Jameel Poteat is a product of "Tailback High," having broken Bishop McDevitt records just a few years after Philadelphia Eagles running back LeSean McCoy did the same at the Harrisburg, Pa., high school. So when the Cincinnati sophomore is asked about the big shoes to fill this season in the Bearcats' backfield, he is not running from the challenge.

[+] EnlargeGeorge Winn
AP Photo/Mark HumphreyGeorge Winn (32) is one running back looking to fill Isaiah Pead's shoes in the Bearcats' backfield.
Poteat -- who was mentored by McCoy, who himself had been mentored by McDevitt alum and Pro Bowler Ricky Watters -- already got a head start during his first college fall, rooming with eventual Big East offensive player of the year Isaiah Pead on road trips last season. The then-true freshman picked the senior's brain on everything from pass protection to managing a body over the course of a season.

"I love it," Poteat said of the expectations Pead left behind. "I'm just trying to live up to what he did here, and the challenge of that is just making me better."

Poteat, George Winn and Ralph David Abernathy IV are the men in the backfield tasked with matching the production of Pead, a second-round draft pick of the St. Louis Rams who ran for Big East bests of 1,259 yards and 12 rushing scores in 2011.

"I don't know if it's realistic to ask one individual to replace the production of an Isaiah Pead, but I'm really encouraged by what I see by the running back group as a whole," coach Butch Jones said. "The great thing about these individuals is all their skill sets complement each other, and they're extremely unselfish individuals."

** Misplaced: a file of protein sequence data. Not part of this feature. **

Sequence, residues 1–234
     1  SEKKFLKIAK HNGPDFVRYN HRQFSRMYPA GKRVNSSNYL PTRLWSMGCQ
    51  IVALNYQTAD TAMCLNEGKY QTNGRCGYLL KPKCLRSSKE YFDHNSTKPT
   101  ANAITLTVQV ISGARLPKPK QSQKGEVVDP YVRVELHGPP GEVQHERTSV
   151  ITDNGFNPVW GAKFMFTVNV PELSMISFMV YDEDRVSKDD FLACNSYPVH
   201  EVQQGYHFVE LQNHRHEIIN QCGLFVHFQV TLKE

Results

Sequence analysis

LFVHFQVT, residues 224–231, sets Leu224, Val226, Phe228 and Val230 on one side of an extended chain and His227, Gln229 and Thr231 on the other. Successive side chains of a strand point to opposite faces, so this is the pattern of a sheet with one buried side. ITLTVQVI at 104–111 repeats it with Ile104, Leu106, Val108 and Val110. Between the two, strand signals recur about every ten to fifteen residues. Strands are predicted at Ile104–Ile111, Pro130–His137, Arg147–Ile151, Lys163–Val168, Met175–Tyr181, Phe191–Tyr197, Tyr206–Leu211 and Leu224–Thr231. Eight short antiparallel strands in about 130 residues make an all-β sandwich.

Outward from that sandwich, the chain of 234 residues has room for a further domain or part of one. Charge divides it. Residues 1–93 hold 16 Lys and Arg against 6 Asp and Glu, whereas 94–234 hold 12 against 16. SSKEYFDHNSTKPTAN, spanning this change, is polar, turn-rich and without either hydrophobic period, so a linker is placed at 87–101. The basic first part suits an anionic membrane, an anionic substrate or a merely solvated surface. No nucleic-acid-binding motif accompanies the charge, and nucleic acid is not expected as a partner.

Winn, a fifth-year senior, leads Cincinnati's returning running backs, having rushed for 219 yards and a pair of touchdowns last season. Winn's coming-out party came in the Bearcats' Liberty Bowl win over Vanderbilt, as his 69-yard touchdown run in the second quarter got Cincinnati on the board.

Winn said he is looking to build off that performance, and Jones has praised his blue-collar approach so far in camp, saying the senior's quiet, confident demeanor has left an impression on the underclassmen.

"It's a big difference between going into this camp and [last year's] camp," said Winn, who is no longer in the shadow of Pead and has added a few pounds in bracing for the heavier workload.

Winn rushed the ball 40 times last season, with the Poteat and Abernathy combining for 37 carries in their debut campaigns. The players have described healthy relationships on and off the field, correcting each other's mistakes and understanding that each will see carries.

Each has described new position coach Roy Manning as a "player's coach," and Cincinnati is hoping that backfield chemistry can help the ground game make up for the loss of the school's No. 3 career rusher.

"I think each has a skill set, from George Winn -- I thought George Winn gained valuable experience in his performance in the Liberty Bowl victory over Vanderbilt," Jones said. "And then obviously Ralph David Abernathy, and the experience Jameel Poteat was able to gain as a true freshman. So I think all three of those individuals complement each other, and right now they're also feeding off each other."